His parents’ business was successful and with their support, he left Australia for the Slade College in London – a 6 month experience which did not satisfy his need for freedom of expression. However, in London he met the Australian painter and art critic, James Gleeson, with whom he formed a life-long friendship. In November 1948 Klippel, Gleeson and the young Lucian Freud exhibited together in London. Andre Breton, the originator of Surrealism, arranged for Klippel’s work to be exhibited in Paris the following year. After 18 months in Paris, Klippel returned to Australia.
Australia was culturally dismal in the 1950s, and Klippel's first sculptural work was not sold in this country until 1956. Nor could the artist achieve any commercial success in a short-lived career as an industrial designer. In 1957 he set sail for America, where he remained until 1963, teaching sculpture at the Minneapolis School of Art from 1958-1962. Living in New York in 1957 (and again in 1962-63) Klippel became attuned to the paintings and sculptures of the 'New York' school, and produced his first junk assemblages in 1960, using various parts and sections from old machinery (such as typewriters and cash registers). With these works he subsequently established his mature reputation as a radical new voice in Australian art, after he returned to Sydney in mid-1963.
Living in a huge old house in Birchgrove from 1968, Klippel consolidated his vision and also became, by the 1970s, one of the country's most important collagists. In decades during the 1970s and 80s, when the traditional distinctions between sculpture and architecture, design, photography, performance and painting were frequently presented as obsolete, Klippel's belief in his sculpture was a commitment to the traditional, imaginative concerns of his art. He remained committed to the idea of sculpture as abstract, as occupying sculptural space, and as sustaining in ways beyond any literary or narrative function. In the 1980s he completed a series of spectacular small bronzes, as well as a large number of monumental wooden assemblages, made from the pattern-parts of early twentieth century maritime machinery.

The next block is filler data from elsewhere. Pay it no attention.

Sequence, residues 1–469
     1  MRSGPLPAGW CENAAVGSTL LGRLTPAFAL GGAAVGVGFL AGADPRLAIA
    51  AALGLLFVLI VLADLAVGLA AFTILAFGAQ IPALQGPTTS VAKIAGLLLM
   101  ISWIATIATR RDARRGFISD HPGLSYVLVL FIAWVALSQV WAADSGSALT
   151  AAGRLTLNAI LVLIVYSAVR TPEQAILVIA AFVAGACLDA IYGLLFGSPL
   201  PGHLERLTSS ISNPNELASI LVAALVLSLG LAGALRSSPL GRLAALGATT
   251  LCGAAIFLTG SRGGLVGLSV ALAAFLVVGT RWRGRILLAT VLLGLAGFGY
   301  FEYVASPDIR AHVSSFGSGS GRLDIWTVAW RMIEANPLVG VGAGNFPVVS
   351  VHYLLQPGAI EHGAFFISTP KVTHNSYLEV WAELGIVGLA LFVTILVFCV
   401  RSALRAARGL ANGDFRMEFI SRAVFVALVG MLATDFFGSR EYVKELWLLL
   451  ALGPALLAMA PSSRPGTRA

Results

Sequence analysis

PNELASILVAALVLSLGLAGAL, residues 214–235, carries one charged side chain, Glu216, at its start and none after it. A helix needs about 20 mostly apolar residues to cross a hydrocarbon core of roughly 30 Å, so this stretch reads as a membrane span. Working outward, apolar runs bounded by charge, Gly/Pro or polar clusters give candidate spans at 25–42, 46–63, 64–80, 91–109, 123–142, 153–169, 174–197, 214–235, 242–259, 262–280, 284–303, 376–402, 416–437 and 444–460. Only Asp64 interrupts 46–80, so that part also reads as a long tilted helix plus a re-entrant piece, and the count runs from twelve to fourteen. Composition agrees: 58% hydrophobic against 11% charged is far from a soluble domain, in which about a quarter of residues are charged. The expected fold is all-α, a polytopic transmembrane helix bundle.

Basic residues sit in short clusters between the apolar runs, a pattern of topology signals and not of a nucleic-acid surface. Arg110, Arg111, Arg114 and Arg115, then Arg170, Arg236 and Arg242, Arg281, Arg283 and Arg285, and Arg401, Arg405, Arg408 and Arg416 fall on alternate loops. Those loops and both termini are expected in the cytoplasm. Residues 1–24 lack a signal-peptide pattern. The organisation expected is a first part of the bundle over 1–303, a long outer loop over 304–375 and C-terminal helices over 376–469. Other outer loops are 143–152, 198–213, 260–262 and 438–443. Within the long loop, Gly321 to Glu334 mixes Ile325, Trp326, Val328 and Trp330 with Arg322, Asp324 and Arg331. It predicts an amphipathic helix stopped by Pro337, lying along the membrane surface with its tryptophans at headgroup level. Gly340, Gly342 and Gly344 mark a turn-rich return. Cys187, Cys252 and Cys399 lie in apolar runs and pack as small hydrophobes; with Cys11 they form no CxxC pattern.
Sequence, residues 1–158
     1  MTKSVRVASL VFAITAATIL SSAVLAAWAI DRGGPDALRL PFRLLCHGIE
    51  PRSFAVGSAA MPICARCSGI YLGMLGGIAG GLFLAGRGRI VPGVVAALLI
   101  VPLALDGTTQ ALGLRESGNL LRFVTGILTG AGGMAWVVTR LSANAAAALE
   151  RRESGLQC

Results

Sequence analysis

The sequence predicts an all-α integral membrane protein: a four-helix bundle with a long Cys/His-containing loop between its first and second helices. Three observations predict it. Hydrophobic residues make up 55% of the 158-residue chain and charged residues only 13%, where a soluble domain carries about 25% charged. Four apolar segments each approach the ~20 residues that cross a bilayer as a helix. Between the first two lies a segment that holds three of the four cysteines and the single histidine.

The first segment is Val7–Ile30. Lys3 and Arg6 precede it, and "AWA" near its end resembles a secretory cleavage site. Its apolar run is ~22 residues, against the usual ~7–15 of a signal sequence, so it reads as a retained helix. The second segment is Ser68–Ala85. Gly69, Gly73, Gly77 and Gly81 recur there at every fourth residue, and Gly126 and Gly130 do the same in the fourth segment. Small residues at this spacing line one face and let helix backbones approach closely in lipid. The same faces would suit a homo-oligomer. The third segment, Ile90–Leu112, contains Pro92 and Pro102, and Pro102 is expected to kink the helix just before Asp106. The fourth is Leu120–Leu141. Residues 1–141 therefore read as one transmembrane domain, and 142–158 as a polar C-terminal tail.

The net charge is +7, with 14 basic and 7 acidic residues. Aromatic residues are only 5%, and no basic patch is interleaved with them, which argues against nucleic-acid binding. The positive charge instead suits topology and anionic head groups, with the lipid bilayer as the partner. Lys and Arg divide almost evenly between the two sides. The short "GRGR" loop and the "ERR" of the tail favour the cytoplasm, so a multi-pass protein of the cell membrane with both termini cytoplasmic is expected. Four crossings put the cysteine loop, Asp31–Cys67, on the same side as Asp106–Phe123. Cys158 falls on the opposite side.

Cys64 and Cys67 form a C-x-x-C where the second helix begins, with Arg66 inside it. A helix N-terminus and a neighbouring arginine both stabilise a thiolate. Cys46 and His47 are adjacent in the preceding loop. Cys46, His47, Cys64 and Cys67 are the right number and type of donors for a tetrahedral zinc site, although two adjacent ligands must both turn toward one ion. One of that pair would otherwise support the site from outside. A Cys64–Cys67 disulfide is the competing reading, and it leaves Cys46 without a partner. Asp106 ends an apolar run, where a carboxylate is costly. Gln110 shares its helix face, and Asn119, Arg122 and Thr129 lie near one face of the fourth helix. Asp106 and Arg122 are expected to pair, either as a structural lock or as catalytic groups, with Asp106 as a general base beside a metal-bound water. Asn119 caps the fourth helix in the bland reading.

Klippel's last decades proved extremely prolific. Working with wood, metals, plastics, junk, machinery parts, oils, watercolours and paper, and utilising the techniques of casting, assemblage, painting and collage, he had completed over 1,200 sculptures by the end of the 1990s. His independence of thought continued to mark his creative life, as did the exceptional fertility and suppleness of his sculptural imagination, until his death, during his last major exhibition of work, in June 2001.
|On view:||Friday 9 August to Sunday 13 October 2002|
Art Gallery of New South Wales
Art Gallery Road, Sydney
(02) 9225 1744 or recorded information
(02) 9225 1790
|Hours:||10am to 5pm 7 days a week|
(closed Christmas Day and Easter Friday)
|Admission:||Free of charge|
|Media Information and Interviews:||Jan Batten|
telephone 61 2 9225 1791
images available on request
Robert Klippel Wooden prototype for Adelaide Plaza bronze, No. 714, 1988 wood assemblage, 300 x 350 x 135cmCollection Art Gallery of New South Wales. Purchased 1989 copyright Estate of Robert Klippel